I imagine Wideman’s model is one I’ll be seeking to emulate the rest of my life. The first time I experienced “Fever,” I understood less than 10% of its wonders—but that 10% was infinitely rewarding. I knew that as I read and reread this astonishing work, its secrets would slowly begin to accumulate and lead me toward fleeting moments of pure apprehension, a transfiguration of the mind and spirit that approaches something I can only describe as sacred awareness.
My miraculous colleague Lance Olsen is one of the most daring inventors I know.
How do you enter a story whose title is: “Why, When It Dreams Our World, the Lobster Is Not a Telephone”?
LOB-STER—N. ANY OF VARIOUS large, edible, marine, stalk-eyed decapod crustaceans having large asymmetrical pincers on their first pair of legs, one used for crushing and the other for cutting and tearing; the shell turns crimson when cooked. . . .
Edible? Crimson when cooked? Decontextualizing a dictionary definition heightens these disturbing assertions.
Indeed, we leap from this into the fully embodied consciousness of a woman named Lola as she tongues her teeth and observes lobsters in the tank of a restaurant foyer, contemplating which one she prefers, choosing the creature who seems most courageous for dinner.
The female lobster carries live sperm for up to two years. She may opt to fertilize her 3,000 to 75,000 eggs (each the size of a pinhead) at any time during this period.
And we’re off! On our wild joyride through multiple sensibilities, we’ll encounter a husband tormented by jealousy, Joan Rivers, Salvador Dali, and of course Grady Stiles, the Lobster Boy, a sideshow attraction whose hands and feet resemble the claws of that large, edible crustacean, the glorious lobster whose blood turns blue when exposed to oxygen and becomes an opaque whitish gel when the animal is boiled.
Yes, boiled alive—please, do not forget—shocked, stunned—the lobster, split open and eaten alive, eaten raw while still quiveringly conscious.
Stabbed and picked apart, the beautiful being whose blood and eggs and sperm generate infinite possibilities of life, of story: the lobster, an arthropod related to spiders who are “related to angels in the sense that both species possess eight limbs (angels commonly having two sets of wings) and profound hope.”
Profound, futile hope. Eleven pages into this delirious lobster dream I find words to crack my own consciousness open. Profound Hope, linking spiders and angels, ants offering their lives to protect their colony, Kevin Federline watching videos of his ex, Grady Stiles shooting his daughter’s fiancé, Michael Jackson carving his face to uncanny dimensions—and Britney Spears, another suffering creature who wants more than anything not to be mocked, exposed, eviscerated live on stage, consumed by viewers ready to pierce with ridicule.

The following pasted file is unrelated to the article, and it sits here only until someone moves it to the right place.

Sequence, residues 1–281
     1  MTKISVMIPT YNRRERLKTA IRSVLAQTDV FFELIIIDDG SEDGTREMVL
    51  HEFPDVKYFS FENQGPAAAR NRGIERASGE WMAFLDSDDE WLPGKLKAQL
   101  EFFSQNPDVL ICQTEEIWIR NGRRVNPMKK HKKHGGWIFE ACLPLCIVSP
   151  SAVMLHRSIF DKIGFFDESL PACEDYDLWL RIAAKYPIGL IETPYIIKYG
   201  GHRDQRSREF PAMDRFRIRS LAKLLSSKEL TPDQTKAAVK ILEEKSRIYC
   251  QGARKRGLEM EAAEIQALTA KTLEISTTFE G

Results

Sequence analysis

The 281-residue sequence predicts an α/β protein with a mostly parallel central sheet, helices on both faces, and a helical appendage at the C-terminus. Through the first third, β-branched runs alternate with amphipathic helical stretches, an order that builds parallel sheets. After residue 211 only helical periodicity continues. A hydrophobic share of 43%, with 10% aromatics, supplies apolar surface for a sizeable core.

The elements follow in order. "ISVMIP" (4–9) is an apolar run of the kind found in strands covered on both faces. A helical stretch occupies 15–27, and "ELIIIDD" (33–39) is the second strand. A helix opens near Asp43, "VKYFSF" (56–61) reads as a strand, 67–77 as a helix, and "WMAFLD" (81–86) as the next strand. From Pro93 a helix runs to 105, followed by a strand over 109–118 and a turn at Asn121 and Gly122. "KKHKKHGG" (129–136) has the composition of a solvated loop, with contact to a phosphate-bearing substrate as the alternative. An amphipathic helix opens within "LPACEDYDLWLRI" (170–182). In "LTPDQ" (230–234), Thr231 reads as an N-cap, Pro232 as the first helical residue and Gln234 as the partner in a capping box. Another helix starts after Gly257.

The thrill of this fiction for me is the exhilaration of shared discovery, the sense that Lance Olsen, the composer and compiler of these magical meditations, began his investigation with curiosity and attention, that he followed his imagination, keeping faith that if he stayed down long enough, dwelling in the minds and bodies of all these holy creatures, their secrets might shimmer through the web, ever so fleetingly, radiantly visible.
I don’t advocate formal play for its own sake, but as a means of intensification that slows perception and ignites ethical inquiry. This attention, this insane joy, is the genesis, the heart, the hot core and dark energy of story.
The examples I offer transgress the boundaries of form and genre, exposing historiography, science, medicine, memoir, and the nightly news as speculative fictions. They offer lyrical associative thought and fictional inquiry as means of approaching expanded consciousness and spiritual illumination. I don’t know that this is a trend in contemporary fiction; I can’t make that kind of claim. But I see these possibilities everywhere. Our students seem increasingly unfettered, willing to create fabulist fictions that are also poems—daring enough to appropriate the language of a documentary film in order to compose a harrowing, disturbingly comic confession through the voice of a woman whose father was a Nazi soldier. They are haunted by the murders of friends, the incarcerations of veterans, the slaughter of animals, the estrangement of friends, the dementia of grandparents. Familiar as these sufferings might be, the freedom to disrupt form and embrace ambiguity gives all of us the opportunity to see, as Chang Tzu encouraged us to see, “the world hiding in the world.”
Selections from this essay were delivered as part of a panel presentation Weird Science: Strategies to Encourage Innovative Writing in the Workshop at the AWP Convention in Minneapolis, 2015.
Olsen, Lance. “Why, When It Dreams Our World, the Lobster Is Not a Telephone.” How to Unfeel the Dead. Toronto: Teksteditions, 2014.
Ruiz, Judy.“Oranges and Sweet Sister Boy.”
Wideman, John. Fever. New York, Penguin, 1990.